Ask students what they know about global warming and answer questions as appropriate. Brainstorm ways in which global warming might affect different species, including people. Ask students to think about the impacts of increased temperature on an aquatic species.
Decide how you would prefer to allocate student responsibilities for setting up the demonstration and recording measurements. As a class, you will demonstrate that yeast produce more CO2 (i.e. respire more) at higher temperatures.
- Fill each plastic water bottle about a third of the way with warm tap water.
- Place each water bottle in an appropriate water bath: two replicates at each of three temperatures: room temperature, ice water, and hot water (not boiling).
- Take each of the six filled balloons and secure them over the top of the bottle.
- For each, invert the balloon and swirl the water inside so that the yeast and sugar mix well.
- Allow the bottles to stand in their water baths for the rest of the period, examining them every 5-10 minutes and observing the change in size of the balloons. The balloons will fill with carbon dioxide from the respiration of the yeast.
Give students the materials, as listed above. Instruct them to design an experiment to determine the effects of temperature on the heart rate of an aquatic organism (here, daphnia magna). They should run their test at at least two different temperatures and include an appropriate control. Students should ask you for approval of their experimental procedure before conducting the experiment. You may want to guide your students to measure their response variable at least three times per daphnia to get an average. For example, their hearts beat very quickly, and it is easy to miscount. Also, some students may increase the temperature above that which the daphniacan survive (about 40 C); decide ahead of time with your students if they are comfortable with this possibility.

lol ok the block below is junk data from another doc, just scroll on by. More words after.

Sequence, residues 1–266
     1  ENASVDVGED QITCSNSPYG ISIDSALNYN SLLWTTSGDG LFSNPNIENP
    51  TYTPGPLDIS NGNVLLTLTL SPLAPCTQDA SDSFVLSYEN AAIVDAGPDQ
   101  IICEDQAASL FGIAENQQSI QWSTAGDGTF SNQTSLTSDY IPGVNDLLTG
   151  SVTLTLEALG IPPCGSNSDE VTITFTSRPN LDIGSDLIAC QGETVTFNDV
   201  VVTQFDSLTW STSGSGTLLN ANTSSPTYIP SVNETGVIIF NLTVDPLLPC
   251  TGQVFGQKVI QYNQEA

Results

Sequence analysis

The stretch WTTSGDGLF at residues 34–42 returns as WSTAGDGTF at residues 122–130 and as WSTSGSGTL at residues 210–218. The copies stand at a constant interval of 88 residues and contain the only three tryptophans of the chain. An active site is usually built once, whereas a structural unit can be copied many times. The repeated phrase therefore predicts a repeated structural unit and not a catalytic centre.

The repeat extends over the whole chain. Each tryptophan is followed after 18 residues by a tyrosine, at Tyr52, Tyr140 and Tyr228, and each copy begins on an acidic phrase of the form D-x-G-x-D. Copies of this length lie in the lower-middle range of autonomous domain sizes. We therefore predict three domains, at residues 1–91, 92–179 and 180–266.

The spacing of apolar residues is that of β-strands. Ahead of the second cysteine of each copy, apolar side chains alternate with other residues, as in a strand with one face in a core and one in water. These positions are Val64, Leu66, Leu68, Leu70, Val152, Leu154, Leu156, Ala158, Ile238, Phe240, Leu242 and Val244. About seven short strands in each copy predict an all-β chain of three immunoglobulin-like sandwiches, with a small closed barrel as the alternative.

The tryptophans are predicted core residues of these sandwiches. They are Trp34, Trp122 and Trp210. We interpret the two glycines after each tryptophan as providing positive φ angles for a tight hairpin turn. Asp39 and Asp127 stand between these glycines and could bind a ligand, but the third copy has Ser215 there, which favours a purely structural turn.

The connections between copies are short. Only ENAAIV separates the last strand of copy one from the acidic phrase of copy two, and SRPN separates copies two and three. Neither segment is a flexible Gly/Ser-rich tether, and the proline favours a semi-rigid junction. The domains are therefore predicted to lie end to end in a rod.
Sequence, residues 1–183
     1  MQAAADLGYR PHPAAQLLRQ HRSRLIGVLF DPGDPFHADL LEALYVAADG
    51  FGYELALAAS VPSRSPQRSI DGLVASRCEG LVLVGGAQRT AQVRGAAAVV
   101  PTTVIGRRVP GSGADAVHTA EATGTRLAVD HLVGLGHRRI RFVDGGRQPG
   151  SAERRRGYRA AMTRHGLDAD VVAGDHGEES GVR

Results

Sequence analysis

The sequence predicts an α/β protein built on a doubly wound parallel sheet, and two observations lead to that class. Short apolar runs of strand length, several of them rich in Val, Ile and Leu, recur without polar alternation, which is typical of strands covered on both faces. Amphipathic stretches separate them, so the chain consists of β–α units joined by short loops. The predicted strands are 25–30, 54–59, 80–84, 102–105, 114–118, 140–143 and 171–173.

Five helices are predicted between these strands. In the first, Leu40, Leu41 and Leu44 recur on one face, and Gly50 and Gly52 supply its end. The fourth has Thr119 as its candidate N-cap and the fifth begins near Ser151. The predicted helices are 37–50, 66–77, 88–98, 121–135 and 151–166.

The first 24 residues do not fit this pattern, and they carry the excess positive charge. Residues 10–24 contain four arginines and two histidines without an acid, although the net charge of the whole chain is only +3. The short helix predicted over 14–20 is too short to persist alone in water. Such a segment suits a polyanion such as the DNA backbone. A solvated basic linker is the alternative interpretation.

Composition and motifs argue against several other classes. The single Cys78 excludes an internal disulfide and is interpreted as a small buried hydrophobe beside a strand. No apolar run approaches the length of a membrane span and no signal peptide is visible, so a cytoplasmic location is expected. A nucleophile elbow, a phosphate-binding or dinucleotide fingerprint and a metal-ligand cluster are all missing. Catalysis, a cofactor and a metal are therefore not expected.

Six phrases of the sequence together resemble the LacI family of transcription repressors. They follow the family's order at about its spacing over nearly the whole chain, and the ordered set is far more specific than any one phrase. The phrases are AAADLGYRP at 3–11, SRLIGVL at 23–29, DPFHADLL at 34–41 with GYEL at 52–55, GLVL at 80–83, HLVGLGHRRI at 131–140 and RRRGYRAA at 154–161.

Have each of the students come to the board to create a scatterplot(s) of the class data, with temperature on the x-axis and the most commonly studied variable on the y-axis (often this is heart rate). Add an additional y-axis or create a second or third scatterplot to show additional variables as needed. Discuss the results as a class: What does the curve look like? Is it skewed or linear? If some students killed the daphnia at too high of a temperature, was there a long decline in the response to temperatures before the daphnia actually died or was it a steep drop-off? Ask them whether or not we should trust these data? Explain that since each of them had a slightly different procedure, we cannot accurately compare all of these data. However, their experiments [should be] similar enough that we can make some observations and form hypotheses for future studies.
Temperature affects the metabolism of daphnia, because they are cold-blooded animals; consequently their body temperature will be the same as the temperature of the water they are floating in. The chemical reactions that occur in the cells of daphnia are dependent on certain enzymes, or proteins, to help the reactions proceed. As you increase the temperature of the water, the metabolism of the daphnia increases as well, since chemical reactions occur faster at higher temperatures. As the metabolism increases, the heart rate will speed up in order to provide enough oxygen to the cells. However, at 40 degrees Celsius, the enzymes break down, and the chemical reactions can no longer occur, so metabolism stops and the daphnia dies. Daphnia magna would very rarely if ever experience temperatures of 40 degrees in its natural environment, so this is unlikely to occur. However, they do experience temperature changes and their metabolism does increase or decrease with these changes.
Temperature affects other organisms as well, and although you can measure stress on a larger animal, it would be unethical to test extreme temperatures. Discuss with students what might happen to other animals in a warmer ecosystem, beyond the effects on heart rate. What might happen to phytoplankton or zooplankton populations? Ask students to think about how growth rate increases with temperature and whether there is an upper limit to what both plants and animals can tolerate. What about the animals that depend on these species for food or habitat creation and maintenance (including us!)?
This lesson leads well into the Climate Change lesson: “Climate Change and the Hudson River.”
Students can read the following article to learn more about how temperature affects cold-water fish species and the ecosystems in which they live. http://1.usa.gov/16DZAo3 (http://www.globalchange.gov/images/documents/toolkit/Birds_and_Fish/Cold...)
Students should create a graph of their results and discuss it with the class.